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European Parliament Elections 2019

  • Text
  • European
  • Parliament
  • Elections
  • Meps
  • Parliamant
  • Brussels
  • Strasbourg
  • Russia
  • Plenary
  • Euobserver
It is difficult to acknowledge you don't know something. A few months ago, several thousand Europeans were asked hundreds of questions for the Eurobarometer poll. One of those questions was: "Do you agree with the statement: 'I understand how the EU works'." Only 10 percent totally disagreed with that statement. Another 29 percent "tended to disagree". Peculiarly, three percent said they did not know whether to agree or disagree.

Bulgarians that Russia

Bulgarians that Russia did not try to poison Sergei Skripal, a former spy, in the UK last year - despite a wealth of evidence to the contrary. False Russian stories have also included one that Ukrainian soldiers crucified a boy in east Ukraine - a fiction later cited by Russian fighters as a motive for going to war there. "When you go murdering people quoting disinformation messages as your motivation, it's pretty hard to deny that Russian propaganda has an impact," the Atlantic Council's Kalensky said. The concerns on Russian interference come in an environment where votes were being decided by race, it would become a force to be reckoned with. If it pulled together 200 MEPs in ad-hoc coalitions on divisive policies, such as migration, "it would be very, very hard to get things done without them," according to Votewatch, a think tank in Brussels. But those numbers were "not very likely, given the diverse positions of right-wing nationalist parties" in Europe, Votewatch said. For its part, the EU foreign service in Brussels is staffing up its East Stratcom office, set up to counter media propaganda, from 14 to 18 people and boosting its budget from €1.1m to €3m "specifically to address Russian disinformation", an EU official said. Civil society groups, such as Ilga-Europe, have also launched debunking and hate-monitoring projects. That might not sound like much, but transparency can be powerful, Snyder, the US historian, noted. "What's important is framing - if people are asked: 'Do you want lies or do you want the truth?', they generally say: 'Gosh, I'd like the truth'," Snyder said, referring to stories that were red-flagged as Russian or far-right lies. Pro-EU forces also had a compelling story, if they told it right, Snyder added. "The current European story is: 'We stopped bad things from happening 70 years ago', and Europe needs another story," he said, referring to the EU's post-WW2 origins. Everybody could relate to Adrian Coman (l) because he was 'just another Romanian trying to make a better life for himself abroad', Teodora Ion-Rotaru, from Accept, an LGBTI rights group in Bucharest, said Photo: acceptromania.ro narrow margins, he added. Recalling recent Austrian and Czech elections and the Brexit referendum, "to swing these votes, you would need just two or three percent, Kalensky said. Propaganda's "impact may be marginal, but even a marginal change can, in a tight race, make a difference," the Atlantic Council's Nimmo added, in his recent study on Russia's meddling in the 2016 US election. TIGHT RACE If Salvini's group got 140 out of 701 seats in the EU "The way the EU wins is by saying our protection of human rights, including gay rights, is part of a larger style of life which people find enviable," Snyder said. "Things young people care about - like labour mobility, digital privacy, global warming - these are things the European Union is doing the best job in the world of dealing with," he said. LOVE STORY The appeal of the European romance came to light in a recent referendum on banning same-sex marriage in Romania. Romanian voters last October faced an onslaught of homophobic propaganda by state and oligarch-owned media, far-right groups, and shady NGOs. Russian media and social media also pushed 'Gay- 30 — EUROPEAN PARLIAMANT ELECTIONS 2019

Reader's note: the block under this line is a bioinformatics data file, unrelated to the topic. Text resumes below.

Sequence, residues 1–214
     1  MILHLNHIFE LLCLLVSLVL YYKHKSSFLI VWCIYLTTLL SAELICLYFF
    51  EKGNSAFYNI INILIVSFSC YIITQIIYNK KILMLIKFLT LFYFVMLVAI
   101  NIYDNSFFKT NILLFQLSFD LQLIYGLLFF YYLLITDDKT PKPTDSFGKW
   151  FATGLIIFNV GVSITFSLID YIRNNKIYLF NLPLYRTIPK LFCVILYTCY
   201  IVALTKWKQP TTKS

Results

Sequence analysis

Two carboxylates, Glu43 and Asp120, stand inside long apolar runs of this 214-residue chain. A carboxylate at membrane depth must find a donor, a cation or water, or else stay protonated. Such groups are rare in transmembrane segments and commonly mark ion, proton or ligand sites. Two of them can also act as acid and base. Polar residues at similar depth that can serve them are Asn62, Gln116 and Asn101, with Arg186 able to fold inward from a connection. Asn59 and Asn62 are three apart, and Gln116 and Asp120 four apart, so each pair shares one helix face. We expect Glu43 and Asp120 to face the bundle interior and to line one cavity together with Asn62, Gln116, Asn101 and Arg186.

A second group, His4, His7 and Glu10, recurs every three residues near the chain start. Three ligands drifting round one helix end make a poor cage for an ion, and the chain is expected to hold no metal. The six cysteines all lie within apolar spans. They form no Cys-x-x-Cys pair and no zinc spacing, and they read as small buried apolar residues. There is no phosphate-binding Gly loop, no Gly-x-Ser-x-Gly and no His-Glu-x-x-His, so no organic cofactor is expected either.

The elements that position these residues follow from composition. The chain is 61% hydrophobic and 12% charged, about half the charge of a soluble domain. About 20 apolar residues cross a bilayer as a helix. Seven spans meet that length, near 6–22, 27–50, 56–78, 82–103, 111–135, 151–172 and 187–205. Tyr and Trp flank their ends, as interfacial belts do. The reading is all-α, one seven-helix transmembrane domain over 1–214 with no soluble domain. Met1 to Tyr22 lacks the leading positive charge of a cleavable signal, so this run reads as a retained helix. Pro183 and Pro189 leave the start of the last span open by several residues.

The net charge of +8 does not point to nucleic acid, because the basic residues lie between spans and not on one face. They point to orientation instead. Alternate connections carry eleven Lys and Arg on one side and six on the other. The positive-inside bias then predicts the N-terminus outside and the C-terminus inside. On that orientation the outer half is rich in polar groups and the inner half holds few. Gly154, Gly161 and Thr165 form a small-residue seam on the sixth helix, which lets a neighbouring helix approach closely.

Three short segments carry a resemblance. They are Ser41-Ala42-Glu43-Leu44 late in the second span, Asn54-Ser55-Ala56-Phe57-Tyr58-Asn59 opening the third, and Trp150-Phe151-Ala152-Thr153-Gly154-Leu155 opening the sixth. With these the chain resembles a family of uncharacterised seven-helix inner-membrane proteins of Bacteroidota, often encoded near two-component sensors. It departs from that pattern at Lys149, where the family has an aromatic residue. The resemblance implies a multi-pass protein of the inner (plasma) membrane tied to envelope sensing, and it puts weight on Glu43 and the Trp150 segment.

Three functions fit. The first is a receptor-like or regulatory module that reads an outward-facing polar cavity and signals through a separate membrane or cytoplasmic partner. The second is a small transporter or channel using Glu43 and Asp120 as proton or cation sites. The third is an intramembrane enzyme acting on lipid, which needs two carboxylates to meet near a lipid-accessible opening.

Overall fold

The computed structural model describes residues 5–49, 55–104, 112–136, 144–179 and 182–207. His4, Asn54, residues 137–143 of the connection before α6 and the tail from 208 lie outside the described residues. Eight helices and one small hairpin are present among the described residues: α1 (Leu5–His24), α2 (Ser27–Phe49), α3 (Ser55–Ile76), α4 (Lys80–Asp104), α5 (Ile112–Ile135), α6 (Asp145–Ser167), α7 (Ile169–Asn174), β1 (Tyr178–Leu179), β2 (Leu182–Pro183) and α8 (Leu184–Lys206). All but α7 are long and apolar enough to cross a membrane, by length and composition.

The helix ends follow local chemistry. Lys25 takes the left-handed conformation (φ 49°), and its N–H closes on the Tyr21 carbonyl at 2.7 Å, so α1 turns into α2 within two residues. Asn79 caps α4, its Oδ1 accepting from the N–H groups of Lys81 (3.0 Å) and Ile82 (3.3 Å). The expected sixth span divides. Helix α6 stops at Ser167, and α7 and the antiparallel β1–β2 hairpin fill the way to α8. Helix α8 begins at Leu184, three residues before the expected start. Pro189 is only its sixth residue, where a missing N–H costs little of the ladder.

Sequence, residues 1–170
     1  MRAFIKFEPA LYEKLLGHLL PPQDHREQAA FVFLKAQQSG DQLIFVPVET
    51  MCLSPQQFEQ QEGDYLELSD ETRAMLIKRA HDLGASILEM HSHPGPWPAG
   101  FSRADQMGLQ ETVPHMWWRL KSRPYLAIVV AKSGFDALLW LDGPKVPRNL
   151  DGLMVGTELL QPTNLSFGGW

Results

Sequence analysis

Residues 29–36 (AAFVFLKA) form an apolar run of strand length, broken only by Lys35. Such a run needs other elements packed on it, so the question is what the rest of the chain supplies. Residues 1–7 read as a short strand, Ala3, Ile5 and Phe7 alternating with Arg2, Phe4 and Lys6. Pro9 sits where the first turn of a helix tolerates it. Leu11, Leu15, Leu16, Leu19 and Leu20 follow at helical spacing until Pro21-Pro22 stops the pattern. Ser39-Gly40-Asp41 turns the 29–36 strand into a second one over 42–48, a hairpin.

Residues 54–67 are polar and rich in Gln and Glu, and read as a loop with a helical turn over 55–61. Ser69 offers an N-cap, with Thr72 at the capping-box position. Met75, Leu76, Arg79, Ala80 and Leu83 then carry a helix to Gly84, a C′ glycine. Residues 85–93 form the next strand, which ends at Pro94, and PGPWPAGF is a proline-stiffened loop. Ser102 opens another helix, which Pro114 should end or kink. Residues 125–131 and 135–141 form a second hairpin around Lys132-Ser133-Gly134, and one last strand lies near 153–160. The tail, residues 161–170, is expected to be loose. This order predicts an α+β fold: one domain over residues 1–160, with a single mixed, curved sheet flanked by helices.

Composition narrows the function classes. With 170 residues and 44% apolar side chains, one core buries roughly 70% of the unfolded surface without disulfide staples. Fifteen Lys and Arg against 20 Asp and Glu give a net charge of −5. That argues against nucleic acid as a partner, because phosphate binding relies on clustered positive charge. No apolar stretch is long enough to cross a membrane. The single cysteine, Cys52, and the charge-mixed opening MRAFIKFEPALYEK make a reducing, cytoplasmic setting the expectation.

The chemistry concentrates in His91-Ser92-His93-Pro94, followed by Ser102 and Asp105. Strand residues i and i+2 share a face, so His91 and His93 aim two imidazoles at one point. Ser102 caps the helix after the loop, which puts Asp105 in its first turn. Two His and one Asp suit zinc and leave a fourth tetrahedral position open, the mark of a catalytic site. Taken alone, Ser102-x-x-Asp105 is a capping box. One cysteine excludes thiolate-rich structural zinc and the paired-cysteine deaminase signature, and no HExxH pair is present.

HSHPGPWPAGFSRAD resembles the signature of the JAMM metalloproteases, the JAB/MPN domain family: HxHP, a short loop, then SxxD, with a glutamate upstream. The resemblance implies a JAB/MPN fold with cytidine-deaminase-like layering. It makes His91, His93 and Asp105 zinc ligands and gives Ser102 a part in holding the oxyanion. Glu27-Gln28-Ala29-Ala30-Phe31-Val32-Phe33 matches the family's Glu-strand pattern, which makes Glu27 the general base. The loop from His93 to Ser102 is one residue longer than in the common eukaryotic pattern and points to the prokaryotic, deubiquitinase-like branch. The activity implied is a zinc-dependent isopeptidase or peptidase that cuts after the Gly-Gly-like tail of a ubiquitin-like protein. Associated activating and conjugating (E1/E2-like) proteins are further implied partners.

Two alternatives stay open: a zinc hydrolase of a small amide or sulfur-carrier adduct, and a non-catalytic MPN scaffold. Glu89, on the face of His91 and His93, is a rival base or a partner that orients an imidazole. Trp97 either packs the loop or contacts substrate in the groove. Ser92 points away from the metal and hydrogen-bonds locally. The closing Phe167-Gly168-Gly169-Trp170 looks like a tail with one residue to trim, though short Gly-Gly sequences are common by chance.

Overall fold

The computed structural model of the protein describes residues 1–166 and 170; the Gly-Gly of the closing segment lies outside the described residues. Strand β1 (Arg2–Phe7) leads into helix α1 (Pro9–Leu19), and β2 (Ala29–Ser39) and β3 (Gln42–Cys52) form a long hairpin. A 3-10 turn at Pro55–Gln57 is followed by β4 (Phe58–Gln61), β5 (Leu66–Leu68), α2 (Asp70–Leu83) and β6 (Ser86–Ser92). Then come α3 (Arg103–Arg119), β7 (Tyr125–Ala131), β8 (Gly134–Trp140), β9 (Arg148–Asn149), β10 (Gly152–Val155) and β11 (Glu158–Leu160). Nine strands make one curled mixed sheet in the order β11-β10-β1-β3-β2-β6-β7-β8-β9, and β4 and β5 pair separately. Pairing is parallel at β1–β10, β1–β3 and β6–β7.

Europa' memes to provoke tension. But voters "did not take the bite" and the referendum failed, Teodora Ion-Rotaru, from Accept, an LGBTI rights group in Bucharest, told EUobserver. "Romanians use the EU almost more than any other people in terms of freedom of movement, jobs, and sending money back home," she added. "The EU is essential for us to exist," she said. Romanians rebelled against "intrigues organised from above" and "Russian trolls ... irritated people", she said. The well-known love story of Adrian Coman also played a role, she added. Coman is a Romanian who won an EU court ruling last year which forced Romania to recognise his Belgian marriage to another man. His story helped, Ion-Rotaru said, not because it converted Romanian conservatives, but because it showed that minority rights were part of a larger EUlifestyle that people wanted. "Coman was just another Romanian trying to make a better life for himself abroad, in a way that everybody could relate to," she said. Italian far-right minister Matteo Salvini wore a T-shirt of Russian president Vladimir Putin when he visited the Kremlin Photo: russia.tv

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